Sunday, July 21, 2013

What do a basketball player, a musician, and an HR Analyst have in common?


For those of you who know me well (or those of you who have met me and made an educated guess, based on my not-so-subtle 6'0" frame), I played basketball for a number of years. Recruited in third grade to a team called the Magic by a set of twins with their dad as the coach, I ended up playing ball through my freshman year in high school. I had a blast! The height was my gift, but I had a lot to learn in terms of appropriate aggressiveness and technique.

As I approached high school, I experienced a few injuries and then faced the decision of whether to pursue sports, music, or both (I had started playing the bassoon in 6th grade and grown to LOVE it).

My initial goal was to do both. I thought I could handle it. Then, I hit a slump in my playing. Looking back, I realize now that I was trying too hard, viewing basketball as an
objective, all-technique game. I played as though I had to get all the answers right. While trying to play perfectly, I missed out on the flow of it all. Then, I was faced with an injury that, for me, was career-ending.

After undergoing arthroscopic surgery on my now twice-dislocated right shoulder, and as my interest in music had increased and I was applying for the position of drum major as a sophomore, I decided to set aside my high-top shoes and the court and wholeheartedly pursue music.

I had a wonderful musical experience in high school, enjoying years of marching band and concert hall performances. A few band directors, and one in particular, inspired me to pursue music education in college. For those of you music majors out there, you'll "Amen!" with me on this one: music courses in college are SO different from the AP, standardized courses in high school. There is an initial layer of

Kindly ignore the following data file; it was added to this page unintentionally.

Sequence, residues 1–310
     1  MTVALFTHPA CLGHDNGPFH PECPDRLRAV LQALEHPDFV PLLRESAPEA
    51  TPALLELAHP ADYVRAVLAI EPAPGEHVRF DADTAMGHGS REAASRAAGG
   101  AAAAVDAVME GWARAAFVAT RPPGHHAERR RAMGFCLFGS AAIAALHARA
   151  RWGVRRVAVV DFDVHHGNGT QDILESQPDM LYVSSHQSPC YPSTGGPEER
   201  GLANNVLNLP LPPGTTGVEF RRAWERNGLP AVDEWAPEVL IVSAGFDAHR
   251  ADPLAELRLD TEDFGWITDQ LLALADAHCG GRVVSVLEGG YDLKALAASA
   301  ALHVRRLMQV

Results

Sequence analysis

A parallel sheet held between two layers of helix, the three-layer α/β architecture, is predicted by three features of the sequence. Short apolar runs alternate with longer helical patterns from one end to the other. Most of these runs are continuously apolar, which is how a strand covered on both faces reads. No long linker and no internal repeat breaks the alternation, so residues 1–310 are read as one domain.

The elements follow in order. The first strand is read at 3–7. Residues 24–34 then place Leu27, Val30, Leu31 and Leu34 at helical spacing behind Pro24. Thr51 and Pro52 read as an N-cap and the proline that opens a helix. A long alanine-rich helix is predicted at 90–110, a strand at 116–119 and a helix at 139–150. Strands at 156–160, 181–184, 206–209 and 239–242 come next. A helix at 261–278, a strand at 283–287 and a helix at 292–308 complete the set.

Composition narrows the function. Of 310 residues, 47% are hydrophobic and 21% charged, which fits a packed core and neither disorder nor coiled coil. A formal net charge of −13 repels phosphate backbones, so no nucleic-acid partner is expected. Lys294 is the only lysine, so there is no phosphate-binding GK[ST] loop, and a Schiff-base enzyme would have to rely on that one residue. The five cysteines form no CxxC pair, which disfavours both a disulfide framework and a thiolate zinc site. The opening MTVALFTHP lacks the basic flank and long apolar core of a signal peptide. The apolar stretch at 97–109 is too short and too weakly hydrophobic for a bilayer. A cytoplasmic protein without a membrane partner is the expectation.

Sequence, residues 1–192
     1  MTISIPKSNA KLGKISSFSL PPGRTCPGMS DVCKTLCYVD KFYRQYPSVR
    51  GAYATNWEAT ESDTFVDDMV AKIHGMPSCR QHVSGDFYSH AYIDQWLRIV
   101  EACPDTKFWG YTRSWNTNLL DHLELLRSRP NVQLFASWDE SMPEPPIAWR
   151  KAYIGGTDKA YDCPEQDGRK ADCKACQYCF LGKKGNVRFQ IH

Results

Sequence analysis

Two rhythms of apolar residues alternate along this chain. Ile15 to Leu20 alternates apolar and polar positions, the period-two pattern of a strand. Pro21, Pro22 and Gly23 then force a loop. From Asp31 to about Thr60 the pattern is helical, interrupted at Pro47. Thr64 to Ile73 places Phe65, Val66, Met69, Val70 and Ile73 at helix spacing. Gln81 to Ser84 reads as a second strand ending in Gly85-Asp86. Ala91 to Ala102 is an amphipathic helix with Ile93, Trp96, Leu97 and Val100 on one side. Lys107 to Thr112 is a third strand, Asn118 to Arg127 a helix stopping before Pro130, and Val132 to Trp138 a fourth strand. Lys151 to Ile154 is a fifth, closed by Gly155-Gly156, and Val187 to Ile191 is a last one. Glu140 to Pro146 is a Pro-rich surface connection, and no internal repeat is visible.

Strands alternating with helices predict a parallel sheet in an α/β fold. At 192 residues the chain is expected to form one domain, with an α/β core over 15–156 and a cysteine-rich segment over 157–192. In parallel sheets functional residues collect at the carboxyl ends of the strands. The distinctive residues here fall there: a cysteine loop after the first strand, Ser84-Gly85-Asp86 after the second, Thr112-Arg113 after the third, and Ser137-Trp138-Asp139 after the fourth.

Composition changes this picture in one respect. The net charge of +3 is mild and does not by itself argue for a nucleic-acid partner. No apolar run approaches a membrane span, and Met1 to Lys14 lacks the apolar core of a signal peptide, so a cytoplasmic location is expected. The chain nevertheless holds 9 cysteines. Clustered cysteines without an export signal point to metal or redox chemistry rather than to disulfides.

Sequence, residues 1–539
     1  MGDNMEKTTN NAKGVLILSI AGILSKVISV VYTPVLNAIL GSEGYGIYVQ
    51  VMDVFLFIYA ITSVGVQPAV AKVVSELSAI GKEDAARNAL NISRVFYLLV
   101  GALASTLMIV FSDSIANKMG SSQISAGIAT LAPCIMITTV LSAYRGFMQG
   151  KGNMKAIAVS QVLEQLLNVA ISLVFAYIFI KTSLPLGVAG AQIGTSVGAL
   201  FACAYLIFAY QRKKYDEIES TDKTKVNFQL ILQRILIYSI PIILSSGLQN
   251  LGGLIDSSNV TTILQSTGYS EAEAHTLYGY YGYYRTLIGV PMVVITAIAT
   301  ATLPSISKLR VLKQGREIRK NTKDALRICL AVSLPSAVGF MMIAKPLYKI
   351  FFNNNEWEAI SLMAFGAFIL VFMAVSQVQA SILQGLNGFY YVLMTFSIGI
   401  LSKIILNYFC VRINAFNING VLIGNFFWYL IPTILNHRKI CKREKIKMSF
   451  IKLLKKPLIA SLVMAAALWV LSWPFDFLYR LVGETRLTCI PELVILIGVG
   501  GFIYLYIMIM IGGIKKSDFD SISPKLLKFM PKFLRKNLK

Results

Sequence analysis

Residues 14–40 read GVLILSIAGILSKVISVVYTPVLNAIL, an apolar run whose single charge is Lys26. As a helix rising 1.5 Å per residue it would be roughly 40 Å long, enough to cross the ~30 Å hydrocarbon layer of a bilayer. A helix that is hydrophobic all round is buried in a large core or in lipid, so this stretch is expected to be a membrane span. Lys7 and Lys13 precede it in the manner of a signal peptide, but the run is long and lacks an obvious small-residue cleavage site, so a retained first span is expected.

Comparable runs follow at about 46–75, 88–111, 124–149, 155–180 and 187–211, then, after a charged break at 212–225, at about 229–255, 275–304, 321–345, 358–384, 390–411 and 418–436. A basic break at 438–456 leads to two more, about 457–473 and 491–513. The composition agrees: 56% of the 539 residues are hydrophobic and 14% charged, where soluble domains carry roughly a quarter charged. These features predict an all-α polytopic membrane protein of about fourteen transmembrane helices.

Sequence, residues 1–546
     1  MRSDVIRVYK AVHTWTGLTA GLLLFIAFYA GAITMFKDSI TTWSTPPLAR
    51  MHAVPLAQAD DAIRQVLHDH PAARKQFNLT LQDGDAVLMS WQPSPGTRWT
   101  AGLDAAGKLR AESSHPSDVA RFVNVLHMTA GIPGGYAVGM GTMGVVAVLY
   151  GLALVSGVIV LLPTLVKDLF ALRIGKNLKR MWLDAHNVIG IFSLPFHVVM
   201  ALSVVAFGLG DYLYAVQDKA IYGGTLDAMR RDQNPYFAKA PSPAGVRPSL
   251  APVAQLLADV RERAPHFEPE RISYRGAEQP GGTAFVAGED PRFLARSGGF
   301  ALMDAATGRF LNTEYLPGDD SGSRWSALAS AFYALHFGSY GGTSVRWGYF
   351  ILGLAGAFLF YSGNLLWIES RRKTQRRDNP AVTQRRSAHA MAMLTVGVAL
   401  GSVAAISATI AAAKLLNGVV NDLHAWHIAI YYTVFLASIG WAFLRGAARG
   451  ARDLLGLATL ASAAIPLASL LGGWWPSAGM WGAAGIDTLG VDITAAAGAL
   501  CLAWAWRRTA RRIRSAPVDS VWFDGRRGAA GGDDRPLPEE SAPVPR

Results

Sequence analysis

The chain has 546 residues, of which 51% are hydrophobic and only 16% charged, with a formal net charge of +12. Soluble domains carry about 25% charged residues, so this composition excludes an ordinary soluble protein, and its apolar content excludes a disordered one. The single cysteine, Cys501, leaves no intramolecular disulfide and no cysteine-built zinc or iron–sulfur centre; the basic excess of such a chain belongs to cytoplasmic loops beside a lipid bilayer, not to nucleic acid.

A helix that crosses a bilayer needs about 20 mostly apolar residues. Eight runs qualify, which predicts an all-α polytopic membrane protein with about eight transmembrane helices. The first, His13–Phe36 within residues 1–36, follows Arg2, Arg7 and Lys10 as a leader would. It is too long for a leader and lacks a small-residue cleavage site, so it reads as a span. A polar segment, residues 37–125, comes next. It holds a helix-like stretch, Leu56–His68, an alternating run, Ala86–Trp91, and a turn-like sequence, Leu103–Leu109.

objectivity in music that must be recognized, honed, and respected, but ultimately music is a realm of subjectivity. The classes challenged me in ways I never expected and forced me out of my oh-so-tidy world of fill-in-the-blank tests. I am so thankful for that experience and grateful that I continue to have the chance to play to this day.

My career path ended up taking a new direction, however. I found that my professional interests were more in the world of business, even though my heart was in the music. So, I pursued an MBA in Organizational Behavior and Human Resource Management and found my perfect blend of objectivity and subjectivity. HR is a world of precision and ambiguity. There are hard facts and numbers to be dealt with on a daily basis, and then there are people issues to be handled individually while still applying company policy. I use both sides of my brain every day and am constantly challenged.

Only now can I look back at my experiences and see how they prepared me for this current role. Incredible, isn't it? Who would have thought? I think we all know the Answer to that question...

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